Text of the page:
Jazz Appreciation Month
You probably know this already, but April is Jazz Appreciation Month. Given the state of Jazz today, especially here in the land of its birth, it is quite appropriate that JAM should have begun on April Fool’s Day. Be that as it may, a number of events are (were) planned in various places including telecasts on BET and BET Jazz of the Jazz Masters Concert, held during the 31st conference of the International Association of Jazz Educators (IAJE) last January in New York City (for information about other events, log on to www.smithsonianjazz.org). The IAJE event honored Jazz Masters Jim Hall, Chico Hamilton, Herbie Hancock, Luther Henderson, Nancy Wilson and writer Nat Hentoff, and featured performances by the Heath Brothers (Jimmy Heath, saxophones; Albert “Tootie” Heath, drums; Percy Heath, bass) with special guest, trumpeter Clark Terry; the New York Voices with guests Paquito D’Rivera and Hubert Laws; the Dave Brubeck Trio (Joe Sanders, bass; Justin Brown, drums); the Billy Taylor Trio (Chip Jackson, bass; Winard Harper, drums), and “The Four Brothers” — vocalists Jon Hendricks, Kurt Elling, Mark Murphy and Kevin Mahogany.
Speaking of Kevin Mahogany . . .
The velvet-voiced baritone from Kansas City was the guest artist February 21 at a concert in Albuquerque sponsored by the New Mexico Jazz Workshop and featuring the surprisingly accomplished Albuquerque Jazz Orchestra. The AJO opened the program with a pair of compositions by Gordon Goodwin (“Count Bubba,” “There’s the Rub”), another by Tom Kubis (“Samba Dees Godda Do It”), trombonist Ed Ulman’s arrangement of “Dig the Sweet Clifford Brown” (based on “Georgia Brown”) and pianist Paul Coleman’s entrancing “Variations on ‘Things’” (a,k.a. “All the Things You Are”). Mahogany sang a number of songs arranged by fallen comrade Frank Mantooth, the superb pianist / composer / arranger who was slated to appear at the concert but died of a heart attack less than a month before the event. Mantooth arranged the standards “Moonlight in Vermont,” “I’ll Never Stop Loving You” and “One for My Baby” as well as the Basie favorite “Centerpiece.” Mahogany also sang his own composition, “Three Little Words” (not to be confused with the Bert Kalmar / Harry Ruby standard of the same name), and a Matt Harris arrangement of Ellington’s “It Don’t Mean a Thing.” In between songs, Mahogany charmed the audience with his keen sense of humor, and the concert was a thoroughly enjoyable experience.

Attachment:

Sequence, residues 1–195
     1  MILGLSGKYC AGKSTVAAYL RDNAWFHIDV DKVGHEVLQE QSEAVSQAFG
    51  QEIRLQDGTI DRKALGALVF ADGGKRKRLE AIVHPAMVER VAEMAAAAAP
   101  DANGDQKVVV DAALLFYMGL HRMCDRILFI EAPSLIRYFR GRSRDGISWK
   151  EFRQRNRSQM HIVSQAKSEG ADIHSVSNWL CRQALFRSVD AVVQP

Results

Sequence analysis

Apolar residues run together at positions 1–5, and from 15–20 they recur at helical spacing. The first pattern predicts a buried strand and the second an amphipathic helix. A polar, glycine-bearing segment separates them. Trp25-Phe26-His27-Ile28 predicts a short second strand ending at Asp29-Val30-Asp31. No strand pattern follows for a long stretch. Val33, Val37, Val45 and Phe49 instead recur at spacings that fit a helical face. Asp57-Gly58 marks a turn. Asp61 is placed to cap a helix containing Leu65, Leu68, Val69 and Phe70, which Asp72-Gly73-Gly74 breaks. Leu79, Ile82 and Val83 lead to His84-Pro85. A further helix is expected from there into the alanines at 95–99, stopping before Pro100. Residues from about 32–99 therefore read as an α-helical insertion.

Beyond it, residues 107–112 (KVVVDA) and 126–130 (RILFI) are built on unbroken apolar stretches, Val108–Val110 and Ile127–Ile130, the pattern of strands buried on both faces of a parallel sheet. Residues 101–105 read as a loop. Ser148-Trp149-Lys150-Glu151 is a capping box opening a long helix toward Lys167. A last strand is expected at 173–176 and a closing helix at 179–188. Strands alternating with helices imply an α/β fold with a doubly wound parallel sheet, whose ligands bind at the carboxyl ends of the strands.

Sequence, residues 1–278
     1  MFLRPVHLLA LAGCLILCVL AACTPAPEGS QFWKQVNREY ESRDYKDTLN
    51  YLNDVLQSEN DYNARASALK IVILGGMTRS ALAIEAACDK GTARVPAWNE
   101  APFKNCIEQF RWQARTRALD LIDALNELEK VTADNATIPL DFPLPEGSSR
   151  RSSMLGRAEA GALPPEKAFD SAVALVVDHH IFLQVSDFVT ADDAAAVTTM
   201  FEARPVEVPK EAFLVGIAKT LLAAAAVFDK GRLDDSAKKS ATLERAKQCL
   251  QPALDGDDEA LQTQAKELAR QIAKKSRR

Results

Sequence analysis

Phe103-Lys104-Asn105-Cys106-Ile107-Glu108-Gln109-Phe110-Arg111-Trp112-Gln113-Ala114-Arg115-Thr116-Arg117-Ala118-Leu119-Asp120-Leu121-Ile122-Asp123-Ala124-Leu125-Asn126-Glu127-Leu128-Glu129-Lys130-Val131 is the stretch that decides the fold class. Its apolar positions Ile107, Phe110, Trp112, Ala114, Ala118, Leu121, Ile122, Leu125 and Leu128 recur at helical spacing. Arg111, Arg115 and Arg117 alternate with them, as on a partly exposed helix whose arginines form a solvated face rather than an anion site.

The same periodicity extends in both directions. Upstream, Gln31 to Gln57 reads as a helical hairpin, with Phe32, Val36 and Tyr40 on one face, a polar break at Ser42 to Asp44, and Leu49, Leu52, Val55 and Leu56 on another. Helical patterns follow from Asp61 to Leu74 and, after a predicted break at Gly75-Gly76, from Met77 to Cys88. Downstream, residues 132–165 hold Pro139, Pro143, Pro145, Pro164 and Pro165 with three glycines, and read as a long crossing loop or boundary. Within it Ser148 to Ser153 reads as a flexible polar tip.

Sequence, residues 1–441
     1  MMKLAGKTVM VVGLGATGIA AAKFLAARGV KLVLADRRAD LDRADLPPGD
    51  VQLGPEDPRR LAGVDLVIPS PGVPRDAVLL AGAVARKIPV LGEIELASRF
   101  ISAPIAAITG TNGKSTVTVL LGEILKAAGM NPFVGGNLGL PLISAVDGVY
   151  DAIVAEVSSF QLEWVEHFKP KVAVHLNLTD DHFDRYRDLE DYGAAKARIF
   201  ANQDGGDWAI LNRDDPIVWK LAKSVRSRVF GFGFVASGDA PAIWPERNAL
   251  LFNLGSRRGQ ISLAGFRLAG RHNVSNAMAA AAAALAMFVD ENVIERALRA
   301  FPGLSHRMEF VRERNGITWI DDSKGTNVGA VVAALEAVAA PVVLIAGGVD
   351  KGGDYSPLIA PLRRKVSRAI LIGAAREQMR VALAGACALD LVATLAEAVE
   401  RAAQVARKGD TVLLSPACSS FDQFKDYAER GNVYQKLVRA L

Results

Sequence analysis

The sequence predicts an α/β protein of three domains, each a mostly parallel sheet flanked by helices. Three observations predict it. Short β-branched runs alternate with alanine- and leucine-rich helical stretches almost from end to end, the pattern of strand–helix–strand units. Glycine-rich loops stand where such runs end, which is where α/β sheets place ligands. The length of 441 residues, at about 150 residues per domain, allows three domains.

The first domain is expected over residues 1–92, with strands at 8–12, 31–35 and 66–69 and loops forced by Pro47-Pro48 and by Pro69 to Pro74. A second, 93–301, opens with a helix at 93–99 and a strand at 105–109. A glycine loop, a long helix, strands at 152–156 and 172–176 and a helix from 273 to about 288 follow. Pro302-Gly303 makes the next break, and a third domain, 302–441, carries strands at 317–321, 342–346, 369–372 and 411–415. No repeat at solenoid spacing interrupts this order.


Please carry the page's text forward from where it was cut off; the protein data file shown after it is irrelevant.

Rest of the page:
The Albuquerque Jazz Orchestra, formed in 1982 by Pancho Romero and now directed by John Sanks, has backed many Jazz and pop artists during its more than two decades including Vince DiMartino, Bob Montgomery, Mike Vax, Rich Little, Steve Houghton, Rich Matteson, The Temptations, Rita Moreno, The Four Tops, Vaughn Nark, The Supremes, Kim Richmond, Clay Jenkins, Steve and Eydie Gormé, Butch Miles, Jim Pugh, Shelly Berg and Jeff Jarvis. The AJO, from what I heard, is quite good, and houses a number of first-rate soloists including (but not limited to) Ulman, Coleman, tenor saxophonist Lee Taylor and trumpeter Kent Erickson. Many of its members are teachers and / or administrators including saxophonist Glenn Kostur, who directs the University of New Mexico’s Jazz Ensemble, and Ulman, who serves as executive director of the New Mexico Jazz Workshop.